Susan Mallery’s Blog Tour for The Vineyard at Painted Moon – Book Review

It’s publication day for Susan Mallery’s The Vineyard at Painted Moon, a moving fictional exploration of complex human relationships between friends and family and those who are both. Mallery is one of my go-to authors when it comes to women’s fiction so I was eager to participate in the Vineyard at Painted Moon blog tour through Harlequin and NetGalley.

About the Book:

MacKenzie Dienes’s life isn’t perfect, but it’s as close as she could ever hope to get. Her marriage to Rhys, her best friend’s brother, is more friendship than true love. But passion is highly overrated, right? And she loves her job as the winemaker at Bel Apres, her in-laws’ vineyard. So what if it’s a family business and, even after decades of marriage and incredible professional success, she’s still barred from the family business meetings? It’s all enough…until one last night spent together leads to an incredibly honest—and painful—conversation. Rhys suggests that they divorce. They haven’t had a marriage in a long time and, while he wants her to keep her job at Bel Apres, he doesn’t think they should be married any longer. Shocked, MacKenzie reels at the prospect of losing the only family she’s ever really known…even though she knows deep in her heart that Rhys is right.

But when MacKenzie discovers she’s pregnant, walking away to begin a new life isn’t so easy. She never could have anticipated the changes it would bring to the relationships she cherishes most: her relationship with Barbara, her mother-in-law and partner at Bel Apres, Stephanie, her sister-in-law and best friend, and Bel Apres, the company she’s worked so hard to put on the map.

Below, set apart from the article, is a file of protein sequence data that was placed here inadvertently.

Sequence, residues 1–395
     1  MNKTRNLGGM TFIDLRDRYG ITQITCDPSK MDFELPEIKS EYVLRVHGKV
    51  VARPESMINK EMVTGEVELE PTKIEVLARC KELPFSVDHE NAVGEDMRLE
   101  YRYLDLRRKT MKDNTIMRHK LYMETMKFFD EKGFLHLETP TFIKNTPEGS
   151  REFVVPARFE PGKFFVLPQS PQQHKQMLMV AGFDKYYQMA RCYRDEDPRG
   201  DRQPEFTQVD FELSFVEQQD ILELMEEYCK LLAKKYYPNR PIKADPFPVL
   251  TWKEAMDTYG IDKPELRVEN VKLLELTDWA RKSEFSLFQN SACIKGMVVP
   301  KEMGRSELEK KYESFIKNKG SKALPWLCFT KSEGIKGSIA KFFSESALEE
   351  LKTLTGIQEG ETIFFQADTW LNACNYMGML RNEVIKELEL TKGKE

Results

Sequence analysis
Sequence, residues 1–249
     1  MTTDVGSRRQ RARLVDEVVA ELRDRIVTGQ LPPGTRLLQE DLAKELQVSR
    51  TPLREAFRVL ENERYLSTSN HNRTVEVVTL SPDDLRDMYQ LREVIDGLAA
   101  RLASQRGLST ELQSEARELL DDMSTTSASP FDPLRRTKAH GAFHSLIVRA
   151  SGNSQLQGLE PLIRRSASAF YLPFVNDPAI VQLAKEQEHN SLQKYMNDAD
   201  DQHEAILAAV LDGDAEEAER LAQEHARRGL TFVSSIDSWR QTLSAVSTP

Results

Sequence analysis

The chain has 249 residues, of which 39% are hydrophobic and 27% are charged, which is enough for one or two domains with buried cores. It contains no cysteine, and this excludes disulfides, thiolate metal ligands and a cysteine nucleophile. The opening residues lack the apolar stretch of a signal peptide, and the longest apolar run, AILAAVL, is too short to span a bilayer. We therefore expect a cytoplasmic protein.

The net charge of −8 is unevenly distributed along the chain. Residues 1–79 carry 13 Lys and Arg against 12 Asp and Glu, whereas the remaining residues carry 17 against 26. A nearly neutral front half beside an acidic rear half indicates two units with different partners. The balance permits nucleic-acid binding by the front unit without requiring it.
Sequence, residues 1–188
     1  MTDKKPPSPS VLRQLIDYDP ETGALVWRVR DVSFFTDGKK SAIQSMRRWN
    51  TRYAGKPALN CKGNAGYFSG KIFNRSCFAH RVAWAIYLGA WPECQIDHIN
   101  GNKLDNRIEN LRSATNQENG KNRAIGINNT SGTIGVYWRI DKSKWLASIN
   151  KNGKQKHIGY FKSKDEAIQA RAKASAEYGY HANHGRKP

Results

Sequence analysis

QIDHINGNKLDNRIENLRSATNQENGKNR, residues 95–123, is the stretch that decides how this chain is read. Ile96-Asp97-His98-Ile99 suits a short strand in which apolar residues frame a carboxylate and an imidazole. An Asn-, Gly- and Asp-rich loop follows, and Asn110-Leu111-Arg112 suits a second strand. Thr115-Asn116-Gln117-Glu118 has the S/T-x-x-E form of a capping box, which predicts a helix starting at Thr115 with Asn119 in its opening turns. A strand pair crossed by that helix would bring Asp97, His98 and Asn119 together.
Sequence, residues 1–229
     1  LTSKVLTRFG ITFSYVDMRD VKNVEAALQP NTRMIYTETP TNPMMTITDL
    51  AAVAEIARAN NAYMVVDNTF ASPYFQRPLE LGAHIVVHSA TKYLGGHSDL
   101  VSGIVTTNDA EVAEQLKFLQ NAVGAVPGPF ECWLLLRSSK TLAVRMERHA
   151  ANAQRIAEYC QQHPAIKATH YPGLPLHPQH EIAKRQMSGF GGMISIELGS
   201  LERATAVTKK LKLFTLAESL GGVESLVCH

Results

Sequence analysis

MacKenzie has always dreamed of creating a vineyard of her own, a chance to leave a legacy for her unborn child. So when the opportunity arises, she jumps at it and builds the Vineyard at Painted Moon. But following her dreams will come at a high price—one that MacKenzie isn’t so sure she’s willing to pay…

About the Author:

#1 NYT bestselling author Susan Mallery writes heartwarming, humorous novels about the relationships that define our lives―family, friendship, romance. She’s known for putting nuanced characters in emotional situations that surprise readers to laughter. Beloved by millions, her books have been translated into 28 languages. Susan lives in Washington with her husband, two cats, and a small poodle with delusions of grandeur. Visit her at SusanMallery.com.

My Thoughts:

There are some individuals who believe consumer book reviews are meant for other readers rather than the authors themselves. Others believe reader reviews can help an author hone their craft. I’m somewhere in the middle on this line of thought. I don’t think Susan Mallery needs help from some random middle-aged mom in rural Canada to sharpen her talents. I generally craft my public reviews for other readers. I’m posting that preface to say I actually enjoyed this novel so much that knowing I’d be posting about the title today, I still reached out to the author privately to say I loved the book.